Universe's ultraviolet background could provide clues about missing galaxies

March 21, 2017, Durham University
Galaxy UGC 7321 is surrounded by hydrogen gas, and as this gas is irradiated with UV radiation, it emits a diffuse red glow through a process known as fluorescence. This image shows the light emitted by stars inside the galaxy, surrounded by a red ring that represents the fluorescent emission induced by the UV radiation. Credit: M. Fumagalli/T. Theuns/S. Berry

Astronomers have developed a way to detect the ultraviolet (UV) background of the Universe, which could help explain why there are so few small galaxies in the cosmos.

UV radiation is invisible but shows up as visible red light when it interacts with gas.

An international team of researchers led by Durham University, UK, has now found a way to measure it using instruments on Earth.

The researchers said their method can be used to measure the evolution of the UV background through cosmic time, mapping how and when it suppresses the formation of small galaxies.

The study could also help produce more accurate computer simulations of the evolution of the Universe.

The findings are published today in the journal Monthly Notices of the Royal Astronomical Society.

UV radiation - a type of radiation also given out by our Sun - is found throughout the Universe and strips smaller galaxies of the gas that forms stars, effectively stunting their growth.

It is believed to be the reason why some larger galaxies like our Milky Way don't have many smaller companion galaxies.

Simulations show that there should be more small galaxies in the Universe, but UV radiation essentially stopped them from developing by depriving them of the gas they need to form stars.

This movie follows the formation of galaxies with cosmic time, illustrating how ultraviolet (UV) radiation from other galaxies and from quasars suppresses the formation of stars inside small galaxies near to large galaxies similar to the Milky Way and Andromeda.The left panel shows a simulation that includes such diffuse UV radiation as in the real universe, where fewer smaller galaxies form.For comparison, the right panel shows what would happen in the absence of such radiation, with more small galaxies forming. Credit: S. McAlpine/S. Berry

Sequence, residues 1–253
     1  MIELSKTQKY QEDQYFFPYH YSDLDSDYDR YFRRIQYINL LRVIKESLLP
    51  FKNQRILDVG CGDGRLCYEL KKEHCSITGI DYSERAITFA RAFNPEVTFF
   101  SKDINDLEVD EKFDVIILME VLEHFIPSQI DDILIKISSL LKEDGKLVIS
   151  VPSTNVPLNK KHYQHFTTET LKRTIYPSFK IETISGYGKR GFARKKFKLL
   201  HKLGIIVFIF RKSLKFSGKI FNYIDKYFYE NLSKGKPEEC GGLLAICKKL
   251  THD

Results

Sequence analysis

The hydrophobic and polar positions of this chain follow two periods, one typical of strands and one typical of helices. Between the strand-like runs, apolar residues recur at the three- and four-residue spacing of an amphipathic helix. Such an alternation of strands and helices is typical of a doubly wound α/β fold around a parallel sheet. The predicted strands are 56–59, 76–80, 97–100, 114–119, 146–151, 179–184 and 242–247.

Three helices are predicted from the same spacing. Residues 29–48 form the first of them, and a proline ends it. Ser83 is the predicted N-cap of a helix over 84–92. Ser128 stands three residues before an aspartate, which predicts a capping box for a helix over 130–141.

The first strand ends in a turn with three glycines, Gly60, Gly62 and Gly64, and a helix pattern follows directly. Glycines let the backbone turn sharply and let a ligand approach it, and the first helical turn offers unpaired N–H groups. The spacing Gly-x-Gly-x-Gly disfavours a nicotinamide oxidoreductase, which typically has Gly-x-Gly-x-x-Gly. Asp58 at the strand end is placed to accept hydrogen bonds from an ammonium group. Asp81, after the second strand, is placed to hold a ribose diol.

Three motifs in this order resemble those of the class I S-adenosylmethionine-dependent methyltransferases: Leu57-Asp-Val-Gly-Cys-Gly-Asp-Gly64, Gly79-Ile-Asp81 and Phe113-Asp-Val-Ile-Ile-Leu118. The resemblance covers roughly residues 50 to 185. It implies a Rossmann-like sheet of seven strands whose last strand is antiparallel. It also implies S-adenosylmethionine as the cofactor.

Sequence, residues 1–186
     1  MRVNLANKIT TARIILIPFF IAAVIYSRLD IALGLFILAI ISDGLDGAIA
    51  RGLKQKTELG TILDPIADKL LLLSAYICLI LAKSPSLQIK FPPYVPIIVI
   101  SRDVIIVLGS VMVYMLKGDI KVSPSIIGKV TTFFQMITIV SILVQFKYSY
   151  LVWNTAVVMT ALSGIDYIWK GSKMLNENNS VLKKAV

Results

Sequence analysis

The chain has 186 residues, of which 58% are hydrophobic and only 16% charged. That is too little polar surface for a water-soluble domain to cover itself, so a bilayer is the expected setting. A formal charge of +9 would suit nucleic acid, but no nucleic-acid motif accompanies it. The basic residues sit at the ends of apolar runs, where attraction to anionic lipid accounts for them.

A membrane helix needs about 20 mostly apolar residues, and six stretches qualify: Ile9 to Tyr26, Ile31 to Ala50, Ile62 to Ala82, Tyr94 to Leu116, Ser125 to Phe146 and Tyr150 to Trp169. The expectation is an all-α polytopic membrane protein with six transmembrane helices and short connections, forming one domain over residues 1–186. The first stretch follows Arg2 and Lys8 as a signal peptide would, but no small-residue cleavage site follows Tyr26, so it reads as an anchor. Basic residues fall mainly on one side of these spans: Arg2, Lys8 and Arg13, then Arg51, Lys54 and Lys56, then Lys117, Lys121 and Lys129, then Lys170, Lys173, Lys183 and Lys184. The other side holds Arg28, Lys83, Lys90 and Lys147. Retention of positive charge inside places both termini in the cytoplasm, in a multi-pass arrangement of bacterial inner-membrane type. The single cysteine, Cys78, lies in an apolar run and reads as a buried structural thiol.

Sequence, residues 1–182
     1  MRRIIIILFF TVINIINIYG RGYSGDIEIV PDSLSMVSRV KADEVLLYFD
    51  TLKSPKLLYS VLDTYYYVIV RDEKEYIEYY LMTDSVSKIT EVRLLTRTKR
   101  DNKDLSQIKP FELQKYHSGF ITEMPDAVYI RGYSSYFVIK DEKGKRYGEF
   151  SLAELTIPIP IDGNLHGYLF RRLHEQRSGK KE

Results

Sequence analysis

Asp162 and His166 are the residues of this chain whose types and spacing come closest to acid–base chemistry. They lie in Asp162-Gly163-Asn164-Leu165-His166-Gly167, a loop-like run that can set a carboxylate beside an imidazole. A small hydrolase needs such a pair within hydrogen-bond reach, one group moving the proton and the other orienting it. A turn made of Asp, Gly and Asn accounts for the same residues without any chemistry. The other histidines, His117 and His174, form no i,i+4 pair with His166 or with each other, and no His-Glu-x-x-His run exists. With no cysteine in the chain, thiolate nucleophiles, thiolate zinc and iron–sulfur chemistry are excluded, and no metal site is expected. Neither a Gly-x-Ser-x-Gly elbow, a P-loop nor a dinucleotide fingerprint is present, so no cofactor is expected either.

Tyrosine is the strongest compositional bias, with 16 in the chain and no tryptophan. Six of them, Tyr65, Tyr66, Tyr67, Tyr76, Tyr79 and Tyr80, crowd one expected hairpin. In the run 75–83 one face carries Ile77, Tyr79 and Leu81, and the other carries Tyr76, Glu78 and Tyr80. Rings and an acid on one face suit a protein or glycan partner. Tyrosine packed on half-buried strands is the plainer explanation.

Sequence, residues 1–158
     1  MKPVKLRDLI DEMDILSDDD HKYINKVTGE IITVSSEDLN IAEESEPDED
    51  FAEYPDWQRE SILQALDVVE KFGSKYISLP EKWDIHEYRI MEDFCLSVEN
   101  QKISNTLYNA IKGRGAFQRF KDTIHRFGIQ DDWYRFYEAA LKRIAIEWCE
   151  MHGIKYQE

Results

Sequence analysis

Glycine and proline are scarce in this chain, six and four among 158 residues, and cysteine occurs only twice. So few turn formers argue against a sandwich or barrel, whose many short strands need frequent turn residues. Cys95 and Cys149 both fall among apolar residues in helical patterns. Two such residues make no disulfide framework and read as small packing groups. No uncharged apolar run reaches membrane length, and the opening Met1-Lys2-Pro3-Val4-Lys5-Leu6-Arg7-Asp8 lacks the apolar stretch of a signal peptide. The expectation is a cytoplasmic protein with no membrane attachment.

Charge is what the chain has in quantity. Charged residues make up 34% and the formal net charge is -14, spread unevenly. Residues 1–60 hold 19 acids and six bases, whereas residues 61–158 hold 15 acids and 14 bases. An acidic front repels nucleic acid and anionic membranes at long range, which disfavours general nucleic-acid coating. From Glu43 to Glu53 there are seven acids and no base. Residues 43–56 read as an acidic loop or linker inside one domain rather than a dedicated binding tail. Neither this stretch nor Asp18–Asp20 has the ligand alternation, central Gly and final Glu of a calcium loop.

Larger galaxies like the Milky Way were able to withstand this cosmic blast because of the thick gas clouds surrounding them.

Lead author Dr Michele Fumagalli, in the Institute for Computational Cosmology and Centre for Extragalactic Astronomy, at Durham University, said: "Massive stars and supermassive black holes produce huge amounts of , and their combined radiation builds-up this ultraviolet background.

"This UV radiation excites the gas in the Universe, causing it to emit red light in a similar way that the gas inside a fluorescent bulb is excited to produce visible light.

"Our research means we now have the ability to measure and map this UV radiation which will help us to further refine models of galaxy formation."

Co-author Professor Simon Morris, in the Centre for Extragalactic Astronomy, Durham University, added: "Ultimately this could help us learn more about the evolution of the Universe and why there are so few small galaxies."

Researchers pointed the Multi Unit Spectroscopic Explorer (MUSE), an instrument of the European Southern Observatory's Very-Large Telescope, in Chile, at the galaxy UGC 7321, which lies at a distance of 30 million light years from Earth.

Colour image of the starlight emitted by a nearby spiral galaxy called UGC 7321. Stars in this galaxy lie in a disc, similar to that of our galaxy, the Milky Way. We see this disc nearly perfectly edge-on. Other sources in the image are foreground or background objects (galaxies and stars), unrelated to galaxy UGC 7321. Credit: Credit: M. Fumagalli/T. Theuns/S. Berry

MUSE provides a spectrum, or band of colours, for each pixel in the image allowing the researchers to map the produced by the UV radiation illuminating the gas in that galaxy.

The research, funded in the UK by the Science and Technology Facilities Council, could also help scientists predict the temperature of the cosmic gas with more accuracy.

Co-author Professor Tom Theuns, in Durham University's Institute for Computational Cosmology, said: "Ultraviolet heats the cosmic gas to temperatures higher than that of the surface of the Sun.

"Such hot gas will not cool to make stars in small galaxies. This explains why there are so few in the Universe, and also why our Milky Way has so few small satellite ."

Explore further: Festive nebulae light up Milky Way Galaxy satellite

More information: Michele Fumagalli et al, A measurement of the z = 0 UV background from Hα fluorescence., Monthly Notices of the Royal Astronomical Society (2017). DOI: 10.1093/mnras/stx398

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RNP
4.2 / 5 (5) Mar 22, 2017
An open access copy of the paper can be found here: https://arxiv.org...4726.pdf

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